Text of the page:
Times being what they are, one line in Act 2 of the play Transatlantic Liaison is guaranteed to goose the audience to attention. "What a thankless people, the French,'' growls Chicago author Nelson Algren to his paramour, French Existentialist writer Simone de Beauvoir.
On opening night at Theatre Three, where the play is onstage now in a lusty, film noirish production, the crowd hooted and applauded this put-down, which has nothing to do with current events, of course. The two-character drama by French playwright Fabrice Rozié is based on love letters exchanged between the writers from the late 1940s to the early 1960s. Algren's complaint about the French in those postwar years and the modern audience's knee-jerk reaction to it merely underscore the contentious relationship we Yanks have had and continue to have with those people.
Maybe part of our clash of cultures and ideas lies in how differently we regard amour, or at least that's what comes to mind while watching Algren and de Beauvoir grapple with their white-hot attraction in Transatlantic Liaison. The American way with passion is to hope it leads to love and commitment. For the French, love and passion may remain mutually exclusive, even experienced in simultaneous relationships. The play asks which is stronger--love or passion?--and lets us watch as two fascinating characters discover the answer for themselves.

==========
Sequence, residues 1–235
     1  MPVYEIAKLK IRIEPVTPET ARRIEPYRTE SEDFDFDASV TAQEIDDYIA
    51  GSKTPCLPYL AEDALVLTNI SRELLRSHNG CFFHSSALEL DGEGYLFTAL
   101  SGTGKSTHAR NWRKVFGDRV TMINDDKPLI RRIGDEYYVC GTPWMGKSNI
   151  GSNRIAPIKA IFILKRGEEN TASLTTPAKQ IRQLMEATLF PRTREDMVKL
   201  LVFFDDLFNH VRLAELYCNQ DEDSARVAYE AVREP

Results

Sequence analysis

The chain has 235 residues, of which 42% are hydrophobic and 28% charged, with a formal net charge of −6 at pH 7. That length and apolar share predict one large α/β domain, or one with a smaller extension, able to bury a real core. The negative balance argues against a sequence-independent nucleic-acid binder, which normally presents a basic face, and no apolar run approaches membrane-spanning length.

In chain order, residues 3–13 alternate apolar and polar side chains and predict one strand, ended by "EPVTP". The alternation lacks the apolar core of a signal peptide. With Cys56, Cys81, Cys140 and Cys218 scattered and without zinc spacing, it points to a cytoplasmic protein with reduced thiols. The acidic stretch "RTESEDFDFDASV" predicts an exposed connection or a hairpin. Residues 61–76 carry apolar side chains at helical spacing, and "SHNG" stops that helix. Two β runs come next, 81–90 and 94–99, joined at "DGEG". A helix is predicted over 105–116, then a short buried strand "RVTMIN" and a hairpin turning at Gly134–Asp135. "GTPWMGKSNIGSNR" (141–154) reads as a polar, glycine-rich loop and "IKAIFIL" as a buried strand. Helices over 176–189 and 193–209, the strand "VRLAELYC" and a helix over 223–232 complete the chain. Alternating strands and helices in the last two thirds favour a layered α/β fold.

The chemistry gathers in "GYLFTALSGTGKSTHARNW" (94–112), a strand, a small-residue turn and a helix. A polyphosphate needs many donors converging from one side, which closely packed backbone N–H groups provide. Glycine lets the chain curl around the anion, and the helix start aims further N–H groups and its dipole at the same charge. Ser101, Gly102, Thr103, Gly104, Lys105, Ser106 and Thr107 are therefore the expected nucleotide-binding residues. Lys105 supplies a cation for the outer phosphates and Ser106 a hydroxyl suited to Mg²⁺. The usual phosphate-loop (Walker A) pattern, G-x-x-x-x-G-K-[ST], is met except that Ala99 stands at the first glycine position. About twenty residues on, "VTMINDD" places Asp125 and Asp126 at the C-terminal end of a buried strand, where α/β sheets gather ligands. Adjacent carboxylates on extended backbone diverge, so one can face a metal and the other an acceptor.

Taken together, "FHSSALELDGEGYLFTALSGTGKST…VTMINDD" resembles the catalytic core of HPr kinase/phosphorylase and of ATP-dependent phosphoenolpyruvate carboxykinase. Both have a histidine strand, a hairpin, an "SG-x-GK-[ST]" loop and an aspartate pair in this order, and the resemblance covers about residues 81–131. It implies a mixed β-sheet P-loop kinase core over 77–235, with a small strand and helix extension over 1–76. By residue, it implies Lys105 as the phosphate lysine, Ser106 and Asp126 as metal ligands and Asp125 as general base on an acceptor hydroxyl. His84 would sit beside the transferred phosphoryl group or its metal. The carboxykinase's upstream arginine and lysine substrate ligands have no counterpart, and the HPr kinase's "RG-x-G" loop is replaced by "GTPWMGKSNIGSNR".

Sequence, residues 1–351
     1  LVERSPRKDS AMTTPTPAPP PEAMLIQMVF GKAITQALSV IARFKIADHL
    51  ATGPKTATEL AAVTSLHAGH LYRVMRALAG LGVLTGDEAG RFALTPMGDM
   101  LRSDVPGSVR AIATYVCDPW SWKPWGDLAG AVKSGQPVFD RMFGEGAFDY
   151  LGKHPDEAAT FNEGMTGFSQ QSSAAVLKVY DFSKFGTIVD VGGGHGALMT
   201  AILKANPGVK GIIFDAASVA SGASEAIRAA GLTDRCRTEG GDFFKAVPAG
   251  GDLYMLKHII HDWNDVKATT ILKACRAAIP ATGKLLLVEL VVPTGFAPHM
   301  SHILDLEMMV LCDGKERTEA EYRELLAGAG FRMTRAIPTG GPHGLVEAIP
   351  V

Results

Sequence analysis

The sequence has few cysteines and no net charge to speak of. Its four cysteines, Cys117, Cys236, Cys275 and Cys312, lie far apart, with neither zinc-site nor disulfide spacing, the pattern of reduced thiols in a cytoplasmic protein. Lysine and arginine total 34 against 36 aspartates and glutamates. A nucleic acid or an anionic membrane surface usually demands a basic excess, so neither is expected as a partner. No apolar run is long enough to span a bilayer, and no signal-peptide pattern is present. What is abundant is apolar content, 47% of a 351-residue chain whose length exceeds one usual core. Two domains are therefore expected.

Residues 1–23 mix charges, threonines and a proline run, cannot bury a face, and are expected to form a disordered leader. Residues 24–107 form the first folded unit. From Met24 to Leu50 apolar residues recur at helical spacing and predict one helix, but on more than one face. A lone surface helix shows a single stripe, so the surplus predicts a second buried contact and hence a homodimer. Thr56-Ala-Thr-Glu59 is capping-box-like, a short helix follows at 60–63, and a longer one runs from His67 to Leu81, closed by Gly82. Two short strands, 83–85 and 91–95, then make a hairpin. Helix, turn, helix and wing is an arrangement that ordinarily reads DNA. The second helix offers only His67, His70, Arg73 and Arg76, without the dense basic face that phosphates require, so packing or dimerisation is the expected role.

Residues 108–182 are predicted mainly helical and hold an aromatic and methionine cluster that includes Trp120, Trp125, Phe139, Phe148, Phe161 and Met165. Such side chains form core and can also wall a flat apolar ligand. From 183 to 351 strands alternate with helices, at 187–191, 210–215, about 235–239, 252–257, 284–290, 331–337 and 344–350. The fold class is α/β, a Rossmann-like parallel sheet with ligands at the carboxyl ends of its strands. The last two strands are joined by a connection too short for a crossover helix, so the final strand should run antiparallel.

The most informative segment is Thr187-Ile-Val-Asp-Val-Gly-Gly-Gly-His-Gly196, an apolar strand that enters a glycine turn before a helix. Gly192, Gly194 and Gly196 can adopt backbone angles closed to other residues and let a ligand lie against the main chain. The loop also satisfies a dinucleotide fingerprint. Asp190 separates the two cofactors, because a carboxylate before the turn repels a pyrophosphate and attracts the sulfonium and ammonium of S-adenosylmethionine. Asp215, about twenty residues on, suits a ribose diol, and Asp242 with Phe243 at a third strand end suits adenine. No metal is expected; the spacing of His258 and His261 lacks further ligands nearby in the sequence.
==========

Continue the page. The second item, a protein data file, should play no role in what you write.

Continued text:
Algren (played with sweaty intensity by Matthew Stephen Tompkins) and de Beauvoir (mature and beautiful Elizabeth Rothan) meet "like a corny movie story," as she puts it. Already a famous feminist author in 1947, de Beauvoir embarks on a tour of the States. Algren, not yet well-known, is her Chicago escort, awkwardly offering a sightseeing trip to the slaughterhouses. Instead, de Beauvoir enjoys the City of Big Shoulders by going to bed with a writer who has them. And let's just say right here that allowing Matthew Tompkins repeatedly to strip down to his tight white undershirt for love scenes with Rothan makes the most of a meaty role and a muscular actor.
But back to the storyline. At 40, Algren and de Beauvoir need love. He is divorced. She lives with her mentor and companion of nearly 20 years, Jean-Paul Sartre, in an arrangement that has long ceased to be physical. Early in the play, de Beauvoir tells Algren he's ignited real sexual passion for the first time in her life. He tells her she is the first real love he's ever had. "If there was ever a woman made for me, it was you," he says between smothering bouts of kissing.